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Tuesday, March 28

Kneel Before Moore

"Kneel Before Moore "
Literary
by Rob Bass



I think Alan Moore might be General Zod and the implications are staggering. I don't know where to begin. If you think you don't know who those people are, let me remind you. General Zod is the guy Superman's father Jor-El sent to the Phantom Zone for treason. In the movie? Then Zod and his two flunkies came back and had a great big fracas with the son of their jailer, teamed up with Luthor and everything. Kneel before Zod! Remember? Played to tremendous effect by Terrence Stamp. Alan Moore is a British writer responsible for some of the greatest comic books ever written: Watchmen, From Hell, America's Best Comics. He even wrote V for Vendetta, they've got a movie of that one out now. You know, bald Natalie Portman. That's all anyone wants to say about it. But Moore disdains the film adaptations of his work, won't even accept money for the rights. Man of principles. He's also a Gnostic warlock. For real, I mean. Practices magic, his writing is part of that, all an invocation, apparently. What are spells and stories but words, right?

Except.

There's this one character of Moore's, doesn't matter who, who lines all these TVs up in this bank of screens, then switches his attention from one to the other at periodic intervals. The process causes him to form associations he otherwise would not have. And that's just what happened to me. I've got all these jpegs on my computer here in my cubicle, and first one of Zod came up followed by the very famous black and white of Alan Moore and it just seems so obvious now. What if that wasn't a bottomless pit that Zod fell down at the end of Superman II? What if he landed in Northampton, England and started a career writing comics? Of course, he'd be one of the very best. He's Zod! "Moore's" Whatever Happened to the Man of Tomorrow? is universally acknowledged by fans as one of, if not the, greatest single Superman story ever. Who knows Kal-El better? No one on this Earth, bunky. Now you might say, wait, does the issue end with the hero torn limb from limb by every villain in the DC Universe? Because that's the only thing Zod is capable of? Hell no! He's a strategist, a tactician, a General, for God's sake! All about reeling us in. And he's got all the time in the world.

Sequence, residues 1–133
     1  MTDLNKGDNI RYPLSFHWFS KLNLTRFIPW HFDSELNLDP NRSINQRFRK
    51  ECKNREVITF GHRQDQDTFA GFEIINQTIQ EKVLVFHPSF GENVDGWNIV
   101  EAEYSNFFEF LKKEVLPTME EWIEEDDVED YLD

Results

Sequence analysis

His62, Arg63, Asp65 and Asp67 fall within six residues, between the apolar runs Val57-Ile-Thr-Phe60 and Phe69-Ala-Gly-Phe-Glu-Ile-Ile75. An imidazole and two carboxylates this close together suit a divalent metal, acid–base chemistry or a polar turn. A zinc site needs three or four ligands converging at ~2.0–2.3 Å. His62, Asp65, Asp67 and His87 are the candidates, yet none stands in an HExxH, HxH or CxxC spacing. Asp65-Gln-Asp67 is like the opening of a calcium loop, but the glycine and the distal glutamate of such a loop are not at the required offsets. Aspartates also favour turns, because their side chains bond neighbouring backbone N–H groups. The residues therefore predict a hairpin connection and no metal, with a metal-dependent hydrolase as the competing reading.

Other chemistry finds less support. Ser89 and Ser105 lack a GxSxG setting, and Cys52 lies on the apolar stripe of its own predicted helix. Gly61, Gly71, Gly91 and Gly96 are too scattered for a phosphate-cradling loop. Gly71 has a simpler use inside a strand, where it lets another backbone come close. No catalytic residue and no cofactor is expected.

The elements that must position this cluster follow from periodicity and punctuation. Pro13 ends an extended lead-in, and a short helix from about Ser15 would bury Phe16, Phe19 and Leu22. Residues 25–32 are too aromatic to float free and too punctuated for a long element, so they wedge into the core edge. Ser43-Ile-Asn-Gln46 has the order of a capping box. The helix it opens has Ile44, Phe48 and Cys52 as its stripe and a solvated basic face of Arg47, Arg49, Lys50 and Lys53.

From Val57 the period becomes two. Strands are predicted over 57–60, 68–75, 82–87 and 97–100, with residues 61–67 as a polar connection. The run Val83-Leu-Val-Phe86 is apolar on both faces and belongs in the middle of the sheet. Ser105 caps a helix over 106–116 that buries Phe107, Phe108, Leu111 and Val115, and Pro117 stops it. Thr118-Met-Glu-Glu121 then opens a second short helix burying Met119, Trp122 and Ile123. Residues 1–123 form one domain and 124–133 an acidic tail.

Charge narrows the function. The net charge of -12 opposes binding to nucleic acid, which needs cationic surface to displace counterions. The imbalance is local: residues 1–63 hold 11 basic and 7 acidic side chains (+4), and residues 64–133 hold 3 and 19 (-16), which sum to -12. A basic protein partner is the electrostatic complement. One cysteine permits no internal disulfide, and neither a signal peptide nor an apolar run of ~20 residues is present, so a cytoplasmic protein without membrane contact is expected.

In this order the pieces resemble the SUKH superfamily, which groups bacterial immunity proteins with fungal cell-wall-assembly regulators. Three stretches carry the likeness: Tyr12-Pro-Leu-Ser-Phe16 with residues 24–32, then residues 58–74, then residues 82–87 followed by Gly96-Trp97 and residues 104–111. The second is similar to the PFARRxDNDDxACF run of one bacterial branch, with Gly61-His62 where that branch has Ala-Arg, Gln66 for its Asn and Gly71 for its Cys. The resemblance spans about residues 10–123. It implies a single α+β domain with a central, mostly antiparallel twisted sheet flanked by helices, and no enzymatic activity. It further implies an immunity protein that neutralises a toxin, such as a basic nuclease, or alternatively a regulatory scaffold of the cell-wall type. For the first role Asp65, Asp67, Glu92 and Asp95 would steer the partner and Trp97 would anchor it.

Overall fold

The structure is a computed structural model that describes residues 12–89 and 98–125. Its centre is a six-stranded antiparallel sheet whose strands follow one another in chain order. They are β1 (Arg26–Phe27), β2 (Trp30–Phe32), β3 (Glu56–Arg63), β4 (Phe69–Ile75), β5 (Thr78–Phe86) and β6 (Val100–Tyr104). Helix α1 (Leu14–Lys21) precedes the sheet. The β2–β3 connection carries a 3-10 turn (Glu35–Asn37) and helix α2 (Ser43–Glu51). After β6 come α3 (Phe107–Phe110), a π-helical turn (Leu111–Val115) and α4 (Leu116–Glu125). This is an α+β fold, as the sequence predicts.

And it would sure explain the magic. Levitation, heat vision, apparent invulnerability. Seems like magic to you or me but Kryptonian powers account for everything. What worries me is he's just about to wrap up this entire universe of titles he's been playing with for the last few years, League of Extraordinary Gentlemen's the only one left. We know he's got a master plan, but I've got no idea what it might be. Seems like those responsible for the film adaptations would've been made to suffer by now. Maybe that's next on his plate. Maybe he's actually found a measure of peace, free to weave epic yarns that thrill the masses in a way he was never able to on Krypton. I imagine he spends a lot of time with that super-vision trained up at the sky, waiting for his infant nemesis to come rocketing in, to spoil his new life, or define it, or both.

Rob Bass is moving to Austin with his wife next week, where he plans to continue writing novels and shorts and comic book scripts as fast as he can, in between playing music and stalking Robert Rodriguez.

4 reactions:

Kelly Parra said...

Rob, this is an interesting concept! You know I've loved some of the movies you mentioned and never knew who was the mastermind behind them. Thanks for enlightening us and sharing with FM! =D

jason evans said...

I got a kick of this piece! Very nice, Rob.

BTW, does Alan Moore have a pulverized hand? Remember, General Zod's glee was short lived.

jamie ford said...

I love General Zod. Ursa. Non. They were so cool and Superman was such a stiff.

When I was twelve I would have rather spent time in the Phantom Zone than summer camp.

And Alan Moore. What a fearsome and talented mind.

They due seem a lot alike...

bluepaul said...

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